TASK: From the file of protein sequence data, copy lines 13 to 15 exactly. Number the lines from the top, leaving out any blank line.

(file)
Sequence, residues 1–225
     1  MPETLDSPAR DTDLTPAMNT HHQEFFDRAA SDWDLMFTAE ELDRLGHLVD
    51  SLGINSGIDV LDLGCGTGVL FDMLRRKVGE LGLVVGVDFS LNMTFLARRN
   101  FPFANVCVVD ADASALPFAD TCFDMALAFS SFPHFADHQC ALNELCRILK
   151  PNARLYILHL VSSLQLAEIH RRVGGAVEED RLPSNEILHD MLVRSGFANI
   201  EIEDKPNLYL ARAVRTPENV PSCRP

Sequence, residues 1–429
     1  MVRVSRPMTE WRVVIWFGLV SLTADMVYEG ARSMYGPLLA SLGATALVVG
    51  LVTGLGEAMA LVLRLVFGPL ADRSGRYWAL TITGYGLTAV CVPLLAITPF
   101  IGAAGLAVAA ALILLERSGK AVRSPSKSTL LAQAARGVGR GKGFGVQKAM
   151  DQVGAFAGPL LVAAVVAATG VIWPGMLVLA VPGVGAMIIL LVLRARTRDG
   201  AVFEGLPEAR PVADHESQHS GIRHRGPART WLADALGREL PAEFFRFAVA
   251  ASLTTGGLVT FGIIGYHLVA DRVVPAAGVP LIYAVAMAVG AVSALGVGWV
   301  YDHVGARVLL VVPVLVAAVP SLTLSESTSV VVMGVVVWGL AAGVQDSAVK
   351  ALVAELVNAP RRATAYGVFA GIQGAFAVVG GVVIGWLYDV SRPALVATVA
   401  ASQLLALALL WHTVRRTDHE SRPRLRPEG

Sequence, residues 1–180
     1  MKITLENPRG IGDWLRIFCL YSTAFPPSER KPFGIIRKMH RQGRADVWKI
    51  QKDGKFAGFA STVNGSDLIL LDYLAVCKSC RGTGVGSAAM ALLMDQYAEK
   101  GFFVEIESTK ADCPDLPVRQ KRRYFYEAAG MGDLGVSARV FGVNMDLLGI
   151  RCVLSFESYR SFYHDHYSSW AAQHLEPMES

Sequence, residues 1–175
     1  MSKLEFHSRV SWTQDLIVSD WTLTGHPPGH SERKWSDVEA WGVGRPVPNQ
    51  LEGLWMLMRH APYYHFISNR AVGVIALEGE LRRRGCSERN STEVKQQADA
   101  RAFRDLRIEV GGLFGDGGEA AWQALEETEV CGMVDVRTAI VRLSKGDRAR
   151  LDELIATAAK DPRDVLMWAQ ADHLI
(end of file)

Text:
   251  ASLTTGGLVT FGIIGYHLVA DRVVPAAGVP LIYAVAMAVG AVSALGVGWV
   301  YDHVGARVLL VVPVLVAAVP SLTLSESTSV VVMGVVVWGL AAGVQDSAVK
   351  ALVAELVNAP RRATAYGVFA GIQGAFAVVG GVVIGWLYDV SRPALVATVA